Tutorial: Turn a Dress into an Apron

Difficulty: Easy-Intermediate
Time: 1-2 hours

Recently a friend asked if I could repurpose one of her old dresses into an apron. I’ve always really liked the idea of up-cycling old clothes into something else, so I decided to give it a try.

The overall process consisted of 4 simple steps:

  1. Trace apron pattern over dress
  2. Add seam allowance
  3. Cut out pattern
  4. Add apron ties and finish raw edges

The beauty of up-cycling clothing is that you can save a few steps of sewing by utilizing what is already made. For example, I didn’t have to finish the neckline nor did I have to sew the hem. This makes for a quick and easy project that looks store-bought.

You can do this with any type of dress, although to make things easier I do recommend a short dress. My friend’s dress is a size XS short shift dress. Because it was a short dress, the length was perfect for the apron and I didn’t have to alter the hem. I also recommend choosing a dress material that is soft and easy to wash. Aprons get lots of stains and usage, so stiff polyester bridesmaid or prom dresses probably won’t do the job.

My friend was happy with the results and so was I. This definitely is a quick and easy project to give some more life out an old dress!

MATERIALS:

Old dress
Apron (for pattern), or use Apron Pattern below
1/4 – 1/3 yard of thin cotton fabric (ideally 54″ wide, but 44″ will work as well): for making apron ties

TOOLS:

Clear ruler/Pencil/Paper – for drawing pattern and adding seam allowances
Sewing Machine
Fabric Scissors
Chalk pen
Thread
Fine Pins
Sewing Needles
Loop Turner
Iron for pressing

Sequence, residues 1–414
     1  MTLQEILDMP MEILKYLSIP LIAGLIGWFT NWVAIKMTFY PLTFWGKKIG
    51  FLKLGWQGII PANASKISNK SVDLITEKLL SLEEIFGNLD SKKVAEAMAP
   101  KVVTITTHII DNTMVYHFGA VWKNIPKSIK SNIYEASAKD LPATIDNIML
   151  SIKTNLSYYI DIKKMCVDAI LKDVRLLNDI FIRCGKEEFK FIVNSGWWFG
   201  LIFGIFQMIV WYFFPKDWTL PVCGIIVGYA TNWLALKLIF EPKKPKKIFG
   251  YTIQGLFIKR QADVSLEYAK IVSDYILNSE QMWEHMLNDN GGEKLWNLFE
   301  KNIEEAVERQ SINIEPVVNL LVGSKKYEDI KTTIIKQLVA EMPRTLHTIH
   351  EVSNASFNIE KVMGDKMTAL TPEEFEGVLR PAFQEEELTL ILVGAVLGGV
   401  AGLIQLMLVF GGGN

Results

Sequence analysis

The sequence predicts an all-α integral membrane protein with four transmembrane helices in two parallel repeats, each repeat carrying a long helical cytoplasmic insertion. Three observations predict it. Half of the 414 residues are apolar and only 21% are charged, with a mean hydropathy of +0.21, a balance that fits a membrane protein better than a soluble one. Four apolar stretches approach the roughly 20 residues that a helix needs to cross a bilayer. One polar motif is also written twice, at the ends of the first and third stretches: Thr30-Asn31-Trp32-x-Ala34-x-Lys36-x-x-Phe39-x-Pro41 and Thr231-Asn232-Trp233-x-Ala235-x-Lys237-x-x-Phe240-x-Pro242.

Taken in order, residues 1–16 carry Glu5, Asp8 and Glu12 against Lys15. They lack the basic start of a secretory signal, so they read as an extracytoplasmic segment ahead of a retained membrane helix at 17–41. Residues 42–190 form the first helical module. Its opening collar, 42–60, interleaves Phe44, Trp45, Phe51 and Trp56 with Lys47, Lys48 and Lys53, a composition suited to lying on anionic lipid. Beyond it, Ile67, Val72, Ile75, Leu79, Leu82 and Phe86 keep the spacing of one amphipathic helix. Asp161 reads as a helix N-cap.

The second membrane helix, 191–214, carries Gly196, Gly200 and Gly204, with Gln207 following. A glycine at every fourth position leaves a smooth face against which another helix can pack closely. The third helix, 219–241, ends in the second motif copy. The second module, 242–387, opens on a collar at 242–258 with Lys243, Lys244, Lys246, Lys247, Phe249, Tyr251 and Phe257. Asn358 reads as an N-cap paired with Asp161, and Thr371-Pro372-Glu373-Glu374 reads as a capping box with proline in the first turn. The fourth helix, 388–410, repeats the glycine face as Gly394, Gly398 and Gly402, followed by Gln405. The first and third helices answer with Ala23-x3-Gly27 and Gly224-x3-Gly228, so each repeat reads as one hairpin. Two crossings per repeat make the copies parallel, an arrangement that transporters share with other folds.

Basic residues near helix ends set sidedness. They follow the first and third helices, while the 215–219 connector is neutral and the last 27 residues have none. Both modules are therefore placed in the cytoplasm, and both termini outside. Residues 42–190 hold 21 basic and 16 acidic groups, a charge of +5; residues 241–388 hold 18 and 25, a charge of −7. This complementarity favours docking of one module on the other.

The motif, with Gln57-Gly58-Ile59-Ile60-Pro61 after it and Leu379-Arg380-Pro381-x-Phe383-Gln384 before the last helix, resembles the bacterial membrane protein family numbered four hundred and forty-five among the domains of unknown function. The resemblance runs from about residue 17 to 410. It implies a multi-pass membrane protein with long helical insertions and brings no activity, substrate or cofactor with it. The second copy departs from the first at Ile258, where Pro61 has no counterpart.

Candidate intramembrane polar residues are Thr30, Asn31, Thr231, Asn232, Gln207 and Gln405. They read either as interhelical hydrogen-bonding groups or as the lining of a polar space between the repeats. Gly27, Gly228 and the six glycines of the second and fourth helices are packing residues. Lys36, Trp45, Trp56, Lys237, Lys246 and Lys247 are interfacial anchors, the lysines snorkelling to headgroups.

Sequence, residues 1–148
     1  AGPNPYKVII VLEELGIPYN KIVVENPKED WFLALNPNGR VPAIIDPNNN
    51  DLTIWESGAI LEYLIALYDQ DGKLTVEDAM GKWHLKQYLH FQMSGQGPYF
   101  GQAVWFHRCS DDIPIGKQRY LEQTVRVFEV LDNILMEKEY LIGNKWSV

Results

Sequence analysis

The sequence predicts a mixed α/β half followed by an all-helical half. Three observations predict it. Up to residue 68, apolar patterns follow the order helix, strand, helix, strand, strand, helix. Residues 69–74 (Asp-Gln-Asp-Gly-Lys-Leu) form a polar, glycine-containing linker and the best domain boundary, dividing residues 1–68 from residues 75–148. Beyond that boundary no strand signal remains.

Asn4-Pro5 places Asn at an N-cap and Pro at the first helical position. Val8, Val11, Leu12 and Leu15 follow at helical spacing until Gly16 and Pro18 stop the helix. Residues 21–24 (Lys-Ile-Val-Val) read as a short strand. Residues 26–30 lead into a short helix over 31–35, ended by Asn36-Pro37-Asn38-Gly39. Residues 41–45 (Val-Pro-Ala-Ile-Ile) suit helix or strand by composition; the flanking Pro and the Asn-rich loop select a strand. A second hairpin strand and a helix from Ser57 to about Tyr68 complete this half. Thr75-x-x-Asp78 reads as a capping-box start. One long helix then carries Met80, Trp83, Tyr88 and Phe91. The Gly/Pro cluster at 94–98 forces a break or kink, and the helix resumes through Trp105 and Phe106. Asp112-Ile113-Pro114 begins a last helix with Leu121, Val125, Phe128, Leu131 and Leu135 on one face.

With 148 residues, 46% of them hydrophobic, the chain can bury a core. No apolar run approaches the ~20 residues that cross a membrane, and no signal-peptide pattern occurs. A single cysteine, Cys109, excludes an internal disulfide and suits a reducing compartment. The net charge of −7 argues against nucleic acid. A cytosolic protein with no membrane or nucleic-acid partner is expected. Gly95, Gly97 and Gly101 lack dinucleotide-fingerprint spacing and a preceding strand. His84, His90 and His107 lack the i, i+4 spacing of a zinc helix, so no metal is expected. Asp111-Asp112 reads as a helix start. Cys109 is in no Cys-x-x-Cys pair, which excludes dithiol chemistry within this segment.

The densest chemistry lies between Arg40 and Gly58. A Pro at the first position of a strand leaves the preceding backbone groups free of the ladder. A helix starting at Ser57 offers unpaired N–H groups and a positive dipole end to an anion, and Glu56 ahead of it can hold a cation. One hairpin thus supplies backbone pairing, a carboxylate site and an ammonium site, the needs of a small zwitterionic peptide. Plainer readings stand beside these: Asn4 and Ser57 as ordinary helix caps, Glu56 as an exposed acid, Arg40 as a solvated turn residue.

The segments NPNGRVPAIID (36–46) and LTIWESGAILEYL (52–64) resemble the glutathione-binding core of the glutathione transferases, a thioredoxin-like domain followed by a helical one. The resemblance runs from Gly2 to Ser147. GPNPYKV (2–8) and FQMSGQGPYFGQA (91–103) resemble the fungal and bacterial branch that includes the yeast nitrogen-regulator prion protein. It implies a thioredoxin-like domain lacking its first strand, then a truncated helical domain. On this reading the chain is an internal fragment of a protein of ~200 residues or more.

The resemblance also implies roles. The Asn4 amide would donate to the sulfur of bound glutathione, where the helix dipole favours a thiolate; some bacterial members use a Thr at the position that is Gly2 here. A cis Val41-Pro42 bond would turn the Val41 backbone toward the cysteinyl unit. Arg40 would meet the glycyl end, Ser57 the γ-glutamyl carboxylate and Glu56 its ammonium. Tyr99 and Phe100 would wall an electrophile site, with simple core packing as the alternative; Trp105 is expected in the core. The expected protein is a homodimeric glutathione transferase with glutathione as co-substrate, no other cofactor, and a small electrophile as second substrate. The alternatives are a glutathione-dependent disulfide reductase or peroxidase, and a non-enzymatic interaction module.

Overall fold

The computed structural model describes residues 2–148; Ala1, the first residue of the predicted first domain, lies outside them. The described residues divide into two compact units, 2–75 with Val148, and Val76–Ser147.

NOTES:

INSTRUCTIONS:

Tracing/Cutting Apron Pattern:

Apron measurements. If you don’t already own an apron, you can use these measurements as the pattern to cut your dress.

LEFT: Place front of apron over front of dress .
RIGHT: Wrap back of apron to the back of dress

Trace front of apron on front of dress with marking chalk (solid red line)

Trace back apron curve on back of dress with marking chalk (solid red line). You only need to trace one side of apron. In the photos shown I am only tracing the RIGHT side of apron to RIGHT side of dress.

Measure bottom width of dress. My skirt is 20”. Since the bottom width of apron pattern is 34”, 34 – 20 = 14” will be cut on back of the dress. Since we are cutting 2 sides of the apron on the back of the dress, each side of the dress will be cut 7”width.

LEFT: Mark off 7” on dress hem from dress side
RIGHT: Extend 7” mark in a straight line to the top of the apron curve previously traced.

With a ruler, add 1/2”seam allowance to traced apron lines (solid red line)

Add seam allowance to front and back of dress (solid yellow lines)

LEFT: Cut dress along yellow lines and fold along midline of dress.
RIGHT: Pin cut edge (yellow line) to opposite side of dress and start pinning from neckline all the way down to dress bottom seam. Cut along yellow line.

View of cut apron

To finish raw edges, press 1/4” then press another 1/4” in, pin and sew (red dotted line).

You will notice excess fabric at intersection of side edge and neckline. Tuck this excess fabric in, pin and sew.

Apron Ties:

TOP: Cut 3 pieces of fabric strips 3″ x 54″ (Photo not to scale). Makes sure the 3″ height is along the selvedge edge of fabric.
MIDDLE: Fold fabric strip in half  (so you have a piece of fabric 54″ x 1.5″) and stitch at 1/2″ seam allowance.
BOTTOM: Turn fabric strip to right side with loop turner. Press strip with seam allowance in the center of the strip.

LEFT: With your fingers, gently push in seam allowance (1/4”-1/2”) on ends of apron ties
RIGHT: Top view of apron tie ends

LEFT: Stitch down ends of apron tie 1/8”from edge using matching thread (shown as red dotted line)
RIGHT: Repeat on other end of apron tie.

Finishing Apron:

On two sides of neckline, pin right side of apron ties on wrong side of apron and stitch in place (red dotted box)

Attach apron ties to both sides of apron in the same way and you are finished! Let me know in the comments below if you up-cycled a dress into an apron. Happy Sewing 🙂

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